Orange is the new black, as a-peel for antiques leads to bounty of Satsuma ware
29th June 2017
Orange was in vogue at an antiques valuation event in the Cotswolds, with a bounty of Satsuma ware – a type of Japanese pottery originally from Satsuma Province.
In fact, the first four antiques owners through the door of the CHYP Shop in Cirencester on Tuesday (June 27) for the Moore Allen & Innocent event in aid of Cirencester Housing for Young People each brought a piece of Satsuma ware for valuation.
A Meiji period (1868 to 1912) vase by Hodata was valued at £80 to £100, while a hexagonal vase was valued at £50 to £80.
A charger decorated with deities in a garden scene in oxide reds and golds, and dating from around 1900, was valued at £100 to £150, while a mid-20th century charger decorated with a battle scene was valued at £10 to £20.
A café au lait set of coffee and milk jug, dating from 1937 and fashioned in the Regency style by silversmiths PB Ltd of London, was valued at £300 to £400, while an 18th century portrait of Sir Richard B Glover, Baronet, painted in oils on board by an unknown artist was valued at £200 to 300.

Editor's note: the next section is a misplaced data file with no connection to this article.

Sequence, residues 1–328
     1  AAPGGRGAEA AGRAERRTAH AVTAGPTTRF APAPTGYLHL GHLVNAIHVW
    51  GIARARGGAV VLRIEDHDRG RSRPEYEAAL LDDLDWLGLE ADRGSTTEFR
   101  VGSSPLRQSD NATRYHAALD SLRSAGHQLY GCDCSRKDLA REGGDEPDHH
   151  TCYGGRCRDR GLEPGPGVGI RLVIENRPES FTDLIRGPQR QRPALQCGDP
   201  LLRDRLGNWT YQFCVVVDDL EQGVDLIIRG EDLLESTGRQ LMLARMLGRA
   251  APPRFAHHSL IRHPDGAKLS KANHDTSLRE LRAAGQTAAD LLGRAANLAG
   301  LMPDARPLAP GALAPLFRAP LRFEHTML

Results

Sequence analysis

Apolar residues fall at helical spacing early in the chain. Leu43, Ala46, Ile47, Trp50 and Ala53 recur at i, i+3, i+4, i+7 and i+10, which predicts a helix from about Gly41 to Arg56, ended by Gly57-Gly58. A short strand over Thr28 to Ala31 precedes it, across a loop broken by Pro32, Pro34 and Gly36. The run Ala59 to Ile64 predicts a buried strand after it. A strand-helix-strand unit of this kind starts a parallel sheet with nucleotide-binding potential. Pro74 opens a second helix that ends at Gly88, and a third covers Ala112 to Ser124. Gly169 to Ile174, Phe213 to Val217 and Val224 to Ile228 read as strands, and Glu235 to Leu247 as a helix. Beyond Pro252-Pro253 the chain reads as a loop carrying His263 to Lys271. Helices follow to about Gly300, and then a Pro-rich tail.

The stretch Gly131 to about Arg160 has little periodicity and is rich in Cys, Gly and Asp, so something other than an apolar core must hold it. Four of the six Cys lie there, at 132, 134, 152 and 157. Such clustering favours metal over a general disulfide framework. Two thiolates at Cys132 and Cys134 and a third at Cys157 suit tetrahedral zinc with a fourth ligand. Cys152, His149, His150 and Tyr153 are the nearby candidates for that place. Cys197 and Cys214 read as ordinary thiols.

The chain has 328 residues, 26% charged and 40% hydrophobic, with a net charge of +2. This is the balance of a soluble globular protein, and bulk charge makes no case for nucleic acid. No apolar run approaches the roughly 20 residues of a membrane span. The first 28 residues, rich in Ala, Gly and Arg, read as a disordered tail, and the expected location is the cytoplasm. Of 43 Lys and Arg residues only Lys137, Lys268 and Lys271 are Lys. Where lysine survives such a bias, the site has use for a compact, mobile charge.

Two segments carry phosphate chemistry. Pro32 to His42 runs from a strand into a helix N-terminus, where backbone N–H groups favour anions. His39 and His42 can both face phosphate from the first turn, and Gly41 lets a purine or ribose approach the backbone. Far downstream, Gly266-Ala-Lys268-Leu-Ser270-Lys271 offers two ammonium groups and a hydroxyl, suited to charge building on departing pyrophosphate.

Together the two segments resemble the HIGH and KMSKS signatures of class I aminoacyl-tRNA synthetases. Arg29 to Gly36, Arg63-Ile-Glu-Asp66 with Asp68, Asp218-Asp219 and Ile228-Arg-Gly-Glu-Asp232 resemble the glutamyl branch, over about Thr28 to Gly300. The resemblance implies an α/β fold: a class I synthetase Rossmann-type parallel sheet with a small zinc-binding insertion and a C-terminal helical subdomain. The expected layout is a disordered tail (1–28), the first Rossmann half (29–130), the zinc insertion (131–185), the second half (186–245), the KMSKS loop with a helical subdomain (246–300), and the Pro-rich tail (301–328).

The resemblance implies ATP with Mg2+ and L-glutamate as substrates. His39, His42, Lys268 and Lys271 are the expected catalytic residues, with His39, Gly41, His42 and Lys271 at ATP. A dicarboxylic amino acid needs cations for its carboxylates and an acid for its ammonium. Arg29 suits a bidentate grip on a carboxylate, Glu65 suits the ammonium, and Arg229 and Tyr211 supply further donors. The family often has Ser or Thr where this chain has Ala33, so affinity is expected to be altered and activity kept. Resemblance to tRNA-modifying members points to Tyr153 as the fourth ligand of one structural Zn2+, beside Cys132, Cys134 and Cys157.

A Williams cheque punch, made by Peter Hooker of London in 1890, was valued at £80 to £120, while a piece of needlework decorated with the first verse of Up-Hill by Christina Rossetti – Does the road wind up-hill all the way? Yes, to the very end. Will the day’s journey take the whole long day? From morn to night, my friend – was valued at £50 to £80.
A singed and framed linotype of a cat, printed on handmade paper by political cartoonist Nicholas Garland OBE was valued at £80 to £120.
Antiques owners paid £3 per item to have their antiques valued, and the event – part of CHYP Awareness Week – raised more than £150 for the charity, which runs two houses in Cirencester for homeless young people between the ages of 16 and 25.
The young people are helped with all aspects of their lives, from learning how to cook and wash their clothes to identifying educational, training and employment opportunities.
The charity aims to get its young clients back on their feet, with the security of a job and accommodation of their own.
It is the seventh year that Moore Allen & Innocent has run a valuation day for the charity.